Albatross Island, December 1999
The trip started on Boxing Day, and after I got home quite a few people said that obviously I wouldn’t have got to Albatross Island because the weather had been so bad. Admittedly most of the fleets in the two yacht races that left Melbourne were decimated - only one yacht finished the Melbourne to Hobart Race - the West Coaster. And more than half the fleet pulled out of the Melbourne to Devonport race.
Even the Sydney - Hobart race, despite breaking the old record by a day or so, was struck by southerly gales down the east coast of Tasmania, and had many retirements. Sitting on Three Hummock Island for a couple of nights we heard that the Devil Cat, the big fast Bass Strait ferry, had to cancel a trip - a bit of a coincidence because during my last visit out here in September, the Cat cancelled all sailing’s for three days.
However, I have always maintained (at some length) that the forecasts can rarely be relied on - and this was the case this time. Despite a gloomy forecast for the next 4 days, Wednesday 29 December had all the signs of being a good day. The gale force winds of yesterday were dying away to nothing, and the seas were dropping off very quickly as a result.
Paddling out towards Cape Keraudren I mentally went over all the reasons that made me feel this was the perfect day to do so. First of all the visual look at the Cape from the windsock on Three Hummock Island had been very reassuring - there was NOTHING big out there. The next was all the information I’d got from the radio. There were three ocean yacht races going on, and we were constantly getting reports from all three of them. That morning the commentator from Devonport had said there were 3 yachts just 4 miles off Devonport, but they would probably take 3 hours to finish because they were becalmed - becalmed in Bass Strait!!!!!!!!!!!!!!.
The next was the on-air talk from the weather bureau, where he predicted fresh southerlies, but also mentioned that the barometer had risen fairly quickly and that he was surprised it had done so. This obviously indicated a HIGH moving in quickly, as already indicated by yachts becalmed in Bass Strait. If this surprised him, then maybe his forecasts were already out of date. And in fact there was barely enough wind to make it worth while sailing, and before I got to Albatross Island I took the back sail down because it was flopping around so much. The other interesting fact on the radio was that the Devil Cat was going to do three crossings of Bass Strait in about 18 hours, to catch up with the cancelled trip the day before. If they were going to leave Melbourne at 7.00am, go to Devonport, and then back to Melbourne for a 10.00pm start it must mean that Bass Strait was going to be pretty flat.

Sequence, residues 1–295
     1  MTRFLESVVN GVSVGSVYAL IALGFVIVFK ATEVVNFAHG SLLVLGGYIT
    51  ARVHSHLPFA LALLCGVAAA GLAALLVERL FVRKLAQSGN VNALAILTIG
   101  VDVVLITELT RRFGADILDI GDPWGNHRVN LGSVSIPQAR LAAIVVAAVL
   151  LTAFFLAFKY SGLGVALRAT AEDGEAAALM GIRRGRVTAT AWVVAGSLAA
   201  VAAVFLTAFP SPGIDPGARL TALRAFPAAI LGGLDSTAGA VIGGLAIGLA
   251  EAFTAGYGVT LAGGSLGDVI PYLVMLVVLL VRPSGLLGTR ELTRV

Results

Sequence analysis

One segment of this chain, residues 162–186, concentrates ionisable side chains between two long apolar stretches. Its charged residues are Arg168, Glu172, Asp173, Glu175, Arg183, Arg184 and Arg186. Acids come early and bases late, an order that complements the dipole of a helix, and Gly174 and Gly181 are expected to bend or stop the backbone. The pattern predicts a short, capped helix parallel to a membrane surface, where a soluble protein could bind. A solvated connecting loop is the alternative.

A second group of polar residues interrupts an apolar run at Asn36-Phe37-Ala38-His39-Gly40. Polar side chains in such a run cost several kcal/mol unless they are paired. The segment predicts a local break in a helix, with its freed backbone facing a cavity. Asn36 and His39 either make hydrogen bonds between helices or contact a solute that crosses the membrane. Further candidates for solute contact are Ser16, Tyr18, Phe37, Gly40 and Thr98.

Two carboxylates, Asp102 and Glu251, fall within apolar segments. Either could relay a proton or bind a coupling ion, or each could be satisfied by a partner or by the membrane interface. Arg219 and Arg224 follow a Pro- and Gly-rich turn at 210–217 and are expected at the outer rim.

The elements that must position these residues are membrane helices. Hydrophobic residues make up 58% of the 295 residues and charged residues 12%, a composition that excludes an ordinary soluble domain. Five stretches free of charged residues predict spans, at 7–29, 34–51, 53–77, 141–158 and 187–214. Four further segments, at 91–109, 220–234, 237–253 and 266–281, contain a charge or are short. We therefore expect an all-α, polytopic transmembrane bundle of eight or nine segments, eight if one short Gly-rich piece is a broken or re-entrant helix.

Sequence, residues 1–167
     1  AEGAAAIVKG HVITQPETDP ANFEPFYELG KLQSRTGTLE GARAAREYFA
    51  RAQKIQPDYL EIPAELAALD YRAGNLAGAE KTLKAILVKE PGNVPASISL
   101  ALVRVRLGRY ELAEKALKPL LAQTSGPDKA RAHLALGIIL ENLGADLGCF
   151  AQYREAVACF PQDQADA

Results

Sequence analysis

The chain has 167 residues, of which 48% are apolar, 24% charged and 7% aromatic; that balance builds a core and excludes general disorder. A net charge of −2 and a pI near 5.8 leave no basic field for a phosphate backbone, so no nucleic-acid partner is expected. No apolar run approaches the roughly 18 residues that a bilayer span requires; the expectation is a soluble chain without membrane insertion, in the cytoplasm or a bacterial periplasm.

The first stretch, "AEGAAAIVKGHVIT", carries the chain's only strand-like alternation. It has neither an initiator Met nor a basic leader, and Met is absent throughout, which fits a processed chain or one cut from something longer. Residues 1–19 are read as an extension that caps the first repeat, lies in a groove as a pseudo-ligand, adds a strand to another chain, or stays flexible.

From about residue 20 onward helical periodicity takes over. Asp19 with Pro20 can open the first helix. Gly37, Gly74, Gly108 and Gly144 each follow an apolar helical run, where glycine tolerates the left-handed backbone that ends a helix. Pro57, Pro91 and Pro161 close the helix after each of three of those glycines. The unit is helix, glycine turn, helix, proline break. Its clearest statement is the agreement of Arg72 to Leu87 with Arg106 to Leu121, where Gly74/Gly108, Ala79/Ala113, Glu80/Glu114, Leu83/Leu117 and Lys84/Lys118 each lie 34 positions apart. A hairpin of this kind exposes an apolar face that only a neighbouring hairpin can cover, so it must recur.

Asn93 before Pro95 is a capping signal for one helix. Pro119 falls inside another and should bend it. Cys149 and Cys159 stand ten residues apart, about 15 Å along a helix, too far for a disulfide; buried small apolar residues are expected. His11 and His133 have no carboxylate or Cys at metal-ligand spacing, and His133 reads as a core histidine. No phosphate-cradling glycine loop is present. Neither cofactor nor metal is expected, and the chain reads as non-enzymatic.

And so it was. Landing and launching were actually slightly easier than the day last year when Sue and I went out there. I’d left an hour and a half before slack water, so had that time with the current taking me out towards Albatross Island, and meant that I had a full 6 hours to get back round Cape Keraudren without having to fight any current. I was on Albatross Island at 11.30am, left at 12 noon, and used the current to take me back across to Cape Keraudren, and then down Hunter Island towards Shepherds Bay, and then Cave Bay. High tide in Robbins Passage was about 7.00pm - a nice time to finish if I could make it. A bit of a southerly came in as I was on my way south, but nothing to speak of. The sail across to Kangaroo Island in the dying wind and the hot late afternoon sun was bloody marvellous, and I was able to cut in very close to Kangaroo Island due to arriving there right at high tide. About 8.00pm I paddled right up to the gateway where the cars were, and drove back to Triabunna - dropping Bob’s camera off on the way, I had finished the film off on Albatross Island for him.
The last day, from Three Hummock Island out to Albatross Island and
back to Robbins Passage was 73km, and then I had a 5 hour drive home -
maybe there’s life in this decrepit geriatric yet???????
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